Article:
Welcome to Polarity Shift, where an editor chooses a game they love and tries their damndest to give it a negative review. Only by seeing how the other half lives can we truly reach a sort of opinionated paradise.
I, as nothing but a participant in the end user experience of Fez, am in an unenviable position. There is no game in Fez that feels separate from the suffocating influence of its design — which is mainly a fancy way of saying that playing Fez is basically like playing B-roll in a documentary about Fez. To enjoy it, you must enjoy its creator, Phil Fish, and you must enjoy the all-important story of How It Came To Be.
This makes Fez‘s reputation close to the greatest trick ever pulled. Here we have a game built as a love letter to its grandfathers, but operating by none of their rules; a kind of video game mood piece that’s just a little too scared to be full-on Dear Esther abstraction, and instead buries itself in precious metafictional puzzle solving.
It’s a shame, because with either half viewed in a vacuum, the game feels complete. Maybe not an all-time great, or a work of unimaginable importance, but either a solid, clever puzzle game or breezy, SNES-inspired atmospheric roller coaster. Combining the two without any added perspective makes the whole thing feel a lot cheaper.
Early on, protagonist Gomez receives (you guessed it) a fez that allows him to see his previously 2D world for thxe simplistic, blocky 3D landscape it actually is. For the player, this translates to the ability to view each scene from four different perspective. Whichever 2D plane you’ve focused on is the geometrically “correct” one, allowing for impossible maneuvers due to the perspective shift.
It’s a neat trick, but Fez fails to capitalize on it in any meaningful or varied way. Most of the 32 cubes required to reach the game’s first ending can be obtained with minimal difficulty — you generally just hit the triggers to line up simple paths and follow them. It’s here that Fez‘s mechanical simplicity really shoots itself in the foot. At the point the perspective switching becomes busywork, the real busywork is showcased: moving, and jumping about. Fez‘s platforming is sluggish, with an underwhelming jump and interminably slow climbing controls. If you die, the game just starts you seconds before your demise, which is probably a good idea given the alternative. The best alternative, though, would be to rely just a little less on its central gimmick, and actually design a character that’s fun to move around.
The real star of the show, then, would be Fez‘s optional “anti-cubes.” Trading a yellow palette for blue, these cubes are, by design, far trickier to obtain. Surely, then, these challenges would make better use of the central, unique mechanic?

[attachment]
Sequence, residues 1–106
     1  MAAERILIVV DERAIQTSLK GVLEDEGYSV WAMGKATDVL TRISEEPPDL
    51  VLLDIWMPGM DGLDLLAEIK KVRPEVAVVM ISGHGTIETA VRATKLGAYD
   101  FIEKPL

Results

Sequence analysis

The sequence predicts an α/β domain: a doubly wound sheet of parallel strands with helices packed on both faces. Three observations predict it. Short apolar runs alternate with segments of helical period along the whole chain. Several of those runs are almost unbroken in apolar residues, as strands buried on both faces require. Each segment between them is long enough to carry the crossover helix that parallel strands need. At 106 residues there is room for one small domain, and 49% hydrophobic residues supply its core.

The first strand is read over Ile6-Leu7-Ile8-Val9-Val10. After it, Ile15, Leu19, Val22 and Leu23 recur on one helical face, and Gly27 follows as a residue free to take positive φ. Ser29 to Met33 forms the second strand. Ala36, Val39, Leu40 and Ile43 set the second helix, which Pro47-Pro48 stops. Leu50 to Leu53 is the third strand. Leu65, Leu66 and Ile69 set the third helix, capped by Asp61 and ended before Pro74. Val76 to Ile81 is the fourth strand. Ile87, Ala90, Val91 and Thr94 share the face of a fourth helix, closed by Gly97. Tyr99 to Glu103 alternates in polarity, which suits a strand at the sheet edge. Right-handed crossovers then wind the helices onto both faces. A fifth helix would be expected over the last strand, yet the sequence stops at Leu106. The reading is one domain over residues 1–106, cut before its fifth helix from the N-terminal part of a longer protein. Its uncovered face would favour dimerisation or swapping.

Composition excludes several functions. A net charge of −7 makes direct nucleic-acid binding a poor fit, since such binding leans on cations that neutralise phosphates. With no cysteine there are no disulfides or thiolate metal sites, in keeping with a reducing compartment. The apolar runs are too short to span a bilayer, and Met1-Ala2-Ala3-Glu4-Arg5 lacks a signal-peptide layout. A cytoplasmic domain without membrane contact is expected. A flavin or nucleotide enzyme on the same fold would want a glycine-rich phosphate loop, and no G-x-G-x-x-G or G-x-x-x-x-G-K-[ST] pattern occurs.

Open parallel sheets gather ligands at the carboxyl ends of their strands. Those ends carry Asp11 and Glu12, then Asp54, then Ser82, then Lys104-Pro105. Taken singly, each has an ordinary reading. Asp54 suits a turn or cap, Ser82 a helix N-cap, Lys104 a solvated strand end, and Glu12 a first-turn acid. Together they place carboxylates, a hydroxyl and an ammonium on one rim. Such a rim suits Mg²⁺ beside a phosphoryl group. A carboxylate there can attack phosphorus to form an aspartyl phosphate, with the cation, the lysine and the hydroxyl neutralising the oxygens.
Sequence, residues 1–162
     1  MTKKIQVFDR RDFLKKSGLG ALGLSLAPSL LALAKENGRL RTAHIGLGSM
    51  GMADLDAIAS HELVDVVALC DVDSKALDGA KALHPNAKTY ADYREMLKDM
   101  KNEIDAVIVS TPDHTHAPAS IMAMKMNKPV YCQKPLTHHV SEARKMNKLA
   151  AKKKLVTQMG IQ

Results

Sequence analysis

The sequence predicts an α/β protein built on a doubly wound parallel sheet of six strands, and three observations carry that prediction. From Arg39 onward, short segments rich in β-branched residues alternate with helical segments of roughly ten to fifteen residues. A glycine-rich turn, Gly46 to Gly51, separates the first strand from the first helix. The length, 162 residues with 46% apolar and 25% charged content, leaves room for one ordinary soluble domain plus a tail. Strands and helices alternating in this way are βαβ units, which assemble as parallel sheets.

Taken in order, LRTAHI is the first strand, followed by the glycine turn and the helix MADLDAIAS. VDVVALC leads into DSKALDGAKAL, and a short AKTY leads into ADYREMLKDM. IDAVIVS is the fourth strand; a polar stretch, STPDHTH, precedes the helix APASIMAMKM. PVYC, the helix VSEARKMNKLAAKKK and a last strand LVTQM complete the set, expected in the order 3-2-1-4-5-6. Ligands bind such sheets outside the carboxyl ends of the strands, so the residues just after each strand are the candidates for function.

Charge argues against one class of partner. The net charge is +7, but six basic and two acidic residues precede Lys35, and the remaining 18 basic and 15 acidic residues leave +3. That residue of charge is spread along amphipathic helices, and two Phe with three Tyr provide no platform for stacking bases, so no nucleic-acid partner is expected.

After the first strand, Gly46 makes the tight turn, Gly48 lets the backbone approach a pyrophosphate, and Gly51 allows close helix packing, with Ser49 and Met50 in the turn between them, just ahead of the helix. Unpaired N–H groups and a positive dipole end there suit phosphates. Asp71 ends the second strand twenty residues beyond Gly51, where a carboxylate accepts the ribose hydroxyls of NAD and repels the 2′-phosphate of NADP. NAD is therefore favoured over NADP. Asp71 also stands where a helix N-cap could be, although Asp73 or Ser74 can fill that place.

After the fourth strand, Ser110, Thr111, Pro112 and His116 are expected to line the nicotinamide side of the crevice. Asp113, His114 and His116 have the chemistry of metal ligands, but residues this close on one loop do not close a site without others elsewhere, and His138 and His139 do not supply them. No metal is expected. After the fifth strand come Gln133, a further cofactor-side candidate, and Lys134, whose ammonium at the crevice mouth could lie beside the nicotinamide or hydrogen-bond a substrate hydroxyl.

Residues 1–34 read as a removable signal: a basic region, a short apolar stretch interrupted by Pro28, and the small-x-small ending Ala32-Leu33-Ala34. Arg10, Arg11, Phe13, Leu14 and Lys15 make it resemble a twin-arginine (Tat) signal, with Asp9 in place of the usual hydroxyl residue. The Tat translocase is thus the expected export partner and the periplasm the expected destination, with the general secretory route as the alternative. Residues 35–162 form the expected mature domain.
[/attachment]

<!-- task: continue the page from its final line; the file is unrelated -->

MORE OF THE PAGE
Well, sometimes. There are a few honest-to-god, insular rotational puzzles in Fez that are satisfying to complete. But far more of the anti-cubes are locked behind cutesy, fourth wall-breaking codes that make Fez‘s world feel flatter than it should. It’s a tricky thing to sell this specific kind of meta element in a realized fantasy world, and Fez makes practically no effort. You will decode a language paying attention to some conspicuous animals. You will transcribe obtuse markings into button combinations. In the most egregious example, you will find a QR code plastered on a wall.
These tricks are, like the perspective shifting, neat, but they’re also destructive. Every location, grounded with loving art design, is reduced to a scavenger hunt for binary codes and hints. It’s impossible to get lost in the world of Fez when it so insecurely reminds you that it’s a video game. It would be one thing if that distance were used to heighten the game’s aesthetic feel, like staring at a particularly beautiful watercolor painting. Instead, the distance exists only to remind the player that Fez is not a world that exists to be explored. It is a world that exists to be solved. Fez wants you to think it’s The Little Prince, but it’s actually just a Where’s Waldo? book.
This is the conflict that destroys Fez. It’s not indecisive — it’s just made a decision to be incongruous. The aesthetics deserve a game less cheekily focused on contextless puzzle-solving; the puzzles deserve a game that demands less coherence to succeed. In trying to have it both ways, Fez becomes the rare game that amounts to less than the sum of its parts.
The result is as if a malevolent force had cursed a pair of 3D glasses. Close your left eye and you’ll see a picture; close your right eye, you’ll see another. The catch? Either is preferable to having both eyes wide open.